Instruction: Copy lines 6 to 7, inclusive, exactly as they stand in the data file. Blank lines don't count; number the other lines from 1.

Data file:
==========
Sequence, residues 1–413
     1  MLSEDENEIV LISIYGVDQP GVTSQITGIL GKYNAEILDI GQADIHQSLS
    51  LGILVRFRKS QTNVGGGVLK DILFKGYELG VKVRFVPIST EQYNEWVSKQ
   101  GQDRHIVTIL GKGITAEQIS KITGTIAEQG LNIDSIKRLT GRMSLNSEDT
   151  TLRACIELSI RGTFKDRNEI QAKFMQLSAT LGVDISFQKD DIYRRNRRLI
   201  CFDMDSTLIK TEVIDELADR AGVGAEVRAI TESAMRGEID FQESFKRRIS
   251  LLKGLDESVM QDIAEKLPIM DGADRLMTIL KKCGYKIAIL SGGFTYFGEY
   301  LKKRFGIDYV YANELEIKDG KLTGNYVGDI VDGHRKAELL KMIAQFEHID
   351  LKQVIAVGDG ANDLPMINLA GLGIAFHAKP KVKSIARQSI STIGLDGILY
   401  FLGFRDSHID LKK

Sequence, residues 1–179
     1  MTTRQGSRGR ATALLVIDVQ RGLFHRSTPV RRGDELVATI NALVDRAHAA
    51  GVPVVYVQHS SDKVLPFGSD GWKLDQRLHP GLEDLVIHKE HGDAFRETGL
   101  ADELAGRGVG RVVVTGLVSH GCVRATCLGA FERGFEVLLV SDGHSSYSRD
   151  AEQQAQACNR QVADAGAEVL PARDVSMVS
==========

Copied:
   201  CFDMDSTLIK TEVIDELADR AGVGAEVRAI TESAMRGEID FQESFKRRIS
   251  LLKGLDESVM QDIAEKLPIM DGADRLMTIL KKCGYKIAIL SGGFTYFGEY